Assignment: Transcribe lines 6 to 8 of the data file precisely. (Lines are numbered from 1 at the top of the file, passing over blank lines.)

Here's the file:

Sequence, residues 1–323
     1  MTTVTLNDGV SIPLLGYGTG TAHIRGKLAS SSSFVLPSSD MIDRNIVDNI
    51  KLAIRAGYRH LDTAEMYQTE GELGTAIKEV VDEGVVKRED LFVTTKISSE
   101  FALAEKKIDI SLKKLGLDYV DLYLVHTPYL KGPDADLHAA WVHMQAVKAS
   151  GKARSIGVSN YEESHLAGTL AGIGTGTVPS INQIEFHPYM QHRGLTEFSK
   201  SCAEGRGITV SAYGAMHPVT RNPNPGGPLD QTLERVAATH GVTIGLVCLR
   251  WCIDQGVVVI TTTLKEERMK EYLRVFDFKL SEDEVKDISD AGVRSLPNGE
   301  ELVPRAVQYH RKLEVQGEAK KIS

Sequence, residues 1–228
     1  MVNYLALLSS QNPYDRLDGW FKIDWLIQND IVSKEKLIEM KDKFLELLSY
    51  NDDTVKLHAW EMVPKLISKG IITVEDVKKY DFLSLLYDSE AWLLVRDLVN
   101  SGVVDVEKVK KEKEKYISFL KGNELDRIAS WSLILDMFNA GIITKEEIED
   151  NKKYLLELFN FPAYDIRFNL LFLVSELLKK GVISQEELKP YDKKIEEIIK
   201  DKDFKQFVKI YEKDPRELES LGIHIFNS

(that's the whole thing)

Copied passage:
   201  SCAEGRGITV SAYGAMHPVT RNPNPGGPLD QTLERVAATH GVTIGLVCLR
   251  WCIDQGVVVI TTTLKEERMK EYLRVFDFKL SEDEVKDISD AGVRSLPNGE
   301  ELVPRAVQYH RKLEVQGEAK KIS